“Contrary to what others expect me to do — especially my choir teacher back in Conway, Mrs. Spearman — I don’t have plans for running for office,” he says with a laugh. “I like the idea of working in the background. I like the people who make sure everything gets done and goes according to plan.”


Vlad Oniskevich isn’t only a first-generation college student. He’s also a first-generation American — born in Buffalo, New York, to parents who had recently immigrated to the United States from Belarus and Ukraine.

He grew up in Summerville, South Carolina, though, and chose to study at the state’s flagship public university because it was close to home and because of the scholarships available through USC’s TRIO program, which helps make college accessible and affordable for first-generation students.

“I’ve gotten into basketball since I’ve been here. I haven’t been to a football game yet, but next year.”

Vlad Oniskevich
Vlad Oniskevich

And coming out of freshman year, the Capstone Scholar is hitting his stride. Initially a double major in physics and math, Vlad started to feel the weight of the extra-heavy course load after winter break and ultimately opted to solve for X.

“It’s something I love, math,” he says. “I have fun doing all my homework and going to those classes.”

He has also enjoyed the quick friendships he has developed on campus and the support they provided as he wrestled with dropping the physics major. He describes his particular floor at Capstone as “one of the more active floors,” with frequent movie nights and lots of spontaneous socializing. 

“People always say the people you meet in college are going to be with you for the rest of your life,” he says. “Then you actually get here and you kind of realize that, yeah, these are people you want to know for the rest of your life.”

Of course, a good work ethic helps. He tries to knock out his homework as soon as possible so that he can devote more time to extracurriculars. He hasn’t joined any clubs yet but might look into the chess club in the fall. And while he doesn’t really consider himself a huge sports fan, the Gamecocks’ recent athletic success is hard to ignore.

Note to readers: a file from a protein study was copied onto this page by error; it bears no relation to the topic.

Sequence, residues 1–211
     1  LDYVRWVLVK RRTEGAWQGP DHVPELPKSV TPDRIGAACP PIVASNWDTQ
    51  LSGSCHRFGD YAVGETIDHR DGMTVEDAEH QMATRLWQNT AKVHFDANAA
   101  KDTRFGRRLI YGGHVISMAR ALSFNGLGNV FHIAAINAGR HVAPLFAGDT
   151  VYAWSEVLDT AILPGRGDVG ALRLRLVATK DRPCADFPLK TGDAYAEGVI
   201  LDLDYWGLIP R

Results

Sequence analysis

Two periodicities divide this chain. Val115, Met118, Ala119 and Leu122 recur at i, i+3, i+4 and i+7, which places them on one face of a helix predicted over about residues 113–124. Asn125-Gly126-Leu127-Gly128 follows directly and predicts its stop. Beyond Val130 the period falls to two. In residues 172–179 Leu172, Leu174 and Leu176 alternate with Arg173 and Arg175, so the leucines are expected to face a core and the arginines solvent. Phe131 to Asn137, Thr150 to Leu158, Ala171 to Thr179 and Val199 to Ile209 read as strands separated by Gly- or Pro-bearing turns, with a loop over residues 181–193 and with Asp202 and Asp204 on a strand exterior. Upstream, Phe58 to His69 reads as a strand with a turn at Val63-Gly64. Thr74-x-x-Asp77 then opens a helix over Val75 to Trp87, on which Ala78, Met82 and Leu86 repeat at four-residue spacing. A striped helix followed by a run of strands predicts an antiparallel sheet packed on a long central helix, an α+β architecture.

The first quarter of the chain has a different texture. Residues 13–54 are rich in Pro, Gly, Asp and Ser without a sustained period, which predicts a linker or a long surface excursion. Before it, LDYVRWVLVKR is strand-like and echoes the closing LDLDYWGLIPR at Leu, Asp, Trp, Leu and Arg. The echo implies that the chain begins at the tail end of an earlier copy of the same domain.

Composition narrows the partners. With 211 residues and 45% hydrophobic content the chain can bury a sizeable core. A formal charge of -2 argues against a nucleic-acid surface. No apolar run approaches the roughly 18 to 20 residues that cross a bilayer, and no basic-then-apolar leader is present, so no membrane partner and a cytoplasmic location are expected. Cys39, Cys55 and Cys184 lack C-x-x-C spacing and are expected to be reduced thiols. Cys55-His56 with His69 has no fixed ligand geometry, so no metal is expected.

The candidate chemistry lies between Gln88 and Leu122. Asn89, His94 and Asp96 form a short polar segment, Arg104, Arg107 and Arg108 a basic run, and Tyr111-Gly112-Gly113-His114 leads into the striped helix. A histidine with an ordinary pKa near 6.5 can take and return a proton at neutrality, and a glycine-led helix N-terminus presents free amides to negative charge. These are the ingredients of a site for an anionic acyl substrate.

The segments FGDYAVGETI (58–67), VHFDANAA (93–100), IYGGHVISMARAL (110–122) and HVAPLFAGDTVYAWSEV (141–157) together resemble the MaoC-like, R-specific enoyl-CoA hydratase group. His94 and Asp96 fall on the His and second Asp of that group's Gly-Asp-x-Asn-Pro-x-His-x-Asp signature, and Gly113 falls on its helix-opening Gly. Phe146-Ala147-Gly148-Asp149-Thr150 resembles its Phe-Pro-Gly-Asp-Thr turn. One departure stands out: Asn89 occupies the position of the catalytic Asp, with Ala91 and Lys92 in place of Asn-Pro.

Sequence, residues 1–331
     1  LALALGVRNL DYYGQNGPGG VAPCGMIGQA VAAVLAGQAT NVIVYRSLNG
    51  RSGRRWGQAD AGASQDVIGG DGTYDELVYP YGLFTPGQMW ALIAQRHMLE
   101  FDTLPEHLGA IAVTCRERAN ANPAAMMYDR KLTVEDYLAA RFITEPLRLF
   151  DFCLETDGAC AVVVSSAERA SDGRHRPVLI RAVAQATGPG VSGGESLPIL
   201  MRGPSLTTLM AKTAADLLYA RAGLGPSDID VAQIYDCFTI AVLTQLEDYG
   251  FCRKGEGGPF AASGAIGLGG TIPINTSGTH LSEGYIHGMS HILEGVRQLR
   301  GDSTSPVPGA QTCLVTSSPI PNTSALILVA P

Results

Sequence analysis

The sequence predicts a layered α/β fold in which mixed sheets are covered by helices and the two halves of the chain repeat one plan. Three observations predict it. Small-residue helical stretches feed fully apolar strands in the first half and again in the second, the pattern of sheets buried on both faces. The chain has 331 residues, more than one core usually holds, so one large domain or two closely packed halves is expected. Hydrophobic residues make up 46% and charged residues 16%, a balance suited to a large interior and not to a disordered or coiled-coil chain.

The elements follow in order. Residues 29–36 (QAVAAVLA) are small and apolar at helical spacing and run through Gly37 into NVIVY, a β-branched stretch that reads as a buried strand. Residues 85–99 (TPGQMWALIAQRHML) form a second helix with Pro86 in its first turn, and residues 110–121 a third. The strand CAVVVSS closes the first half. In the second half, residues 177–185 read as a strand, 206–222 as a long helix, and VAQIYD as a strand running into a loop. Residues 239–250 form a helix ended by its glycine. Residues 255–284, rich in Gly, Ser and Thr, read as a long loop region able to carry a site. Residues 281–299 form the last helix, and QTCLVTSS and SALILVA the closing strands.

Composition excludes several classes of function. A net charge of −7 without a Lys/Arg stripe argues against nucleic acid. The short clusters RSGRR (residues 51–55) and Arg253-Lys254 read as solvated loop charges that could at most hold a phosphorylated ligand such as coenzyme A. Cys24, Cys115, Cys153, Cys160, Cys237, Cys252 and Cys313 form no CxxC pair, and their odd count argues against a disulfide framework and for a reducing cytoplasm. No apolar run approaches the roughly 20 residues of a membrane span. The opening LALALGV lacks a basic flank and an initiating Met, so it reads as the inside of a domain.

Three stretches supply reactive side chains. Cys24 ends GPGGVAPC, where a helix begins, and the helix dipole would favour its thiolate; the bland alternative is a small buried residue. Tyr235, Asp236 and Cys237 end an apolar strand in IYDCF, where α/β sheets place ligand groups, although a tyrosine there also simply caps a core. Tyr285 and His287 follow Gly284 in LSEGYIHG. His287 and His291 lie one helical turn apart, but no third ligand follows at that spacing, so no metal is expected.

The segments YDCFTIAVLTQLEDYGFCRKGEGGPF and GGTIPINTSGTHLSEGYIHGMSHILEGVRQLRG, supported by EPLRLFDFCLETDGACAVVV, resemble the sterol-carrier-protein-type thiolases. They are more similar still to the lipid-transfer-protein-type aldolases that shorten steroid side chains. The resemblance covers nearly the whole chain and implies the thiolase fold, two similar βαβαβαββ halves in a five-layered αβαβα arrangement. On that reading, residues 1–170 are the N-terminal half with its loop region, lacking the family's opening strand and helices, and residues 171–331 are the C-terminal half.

“I’ve gotten into basketball since I’ve been here,” Vlad says. “I haven’t been to a football game yet, but next year.”

It’s all adding up for the math major, who says he might pursue a career in computer science. In the meantime, he is just exploring his options and enjoying the college experience. And while he feels a little pressure being a first-gen student, he is learning the skills to balance the equation.

“In my definition of the word, I’m successful at the moment,” he says. “I’ve got a great social life, a great academic life, and it’s been going pretty well all around. I’ve got a great support group if I need it, and I’m doing everything I need to for myself.”


Addie, Abby & Jess

South Carolina Honors College freshman Addie Ayler keeps a busy a schedule, which is just how she likes it.

On top of a heavy course load as a neuroscience major — Addie logged 17 credit hours in the fall, 16 in the spring and has already started lab research — the New Jersey native volunteers for Dance Marathon, USC’s largest student-run charity, and serves as a neighborhood president on the Residence Hall Association board.

“Balance is necessary, especially when your academics are demanding.”

Addie Ayler
(from left) Addie Ayler, Abby Edwards and Jess Deery

In the fall, she rushed Phi Delta Epsilon, USC’s medical fraternity. This spring, she became a recruiter for the organization.